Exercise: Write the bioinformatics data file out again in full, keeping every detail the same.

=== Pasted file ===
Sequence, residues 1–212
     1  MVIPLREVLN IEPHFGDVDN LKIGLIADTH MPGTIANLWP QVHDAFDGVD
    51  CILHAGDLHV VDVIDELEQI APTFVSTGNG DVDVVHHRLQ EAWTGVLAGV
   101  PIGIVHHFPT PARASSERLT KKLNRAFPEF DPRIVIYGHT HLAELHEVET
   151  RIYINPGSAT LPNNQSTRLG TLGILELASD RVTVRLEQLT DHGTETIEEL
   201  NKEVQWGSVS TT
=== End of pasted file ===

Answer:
Sequence, residues 1–212
     1  MVIPLREVLN IEPHFGDVDN LKIGLIADTH MPGTIANLWP QVHDAFDGVD
    51  CILHAGDLHV VDVIDELEQI APTFVSTGNG DVDVVHHRLQ EAWTGVLAGV
   101  PIGIVHHFPT PARASSERLT KKLNRAFPEF DPRIVIYGHT HLAELHEVET
   151  RIYINPGSAT LPNNQSTRLG TLGILELASD RVTVRLEQLT DHGTETIEEL
   201  NKEVQWGSVS TT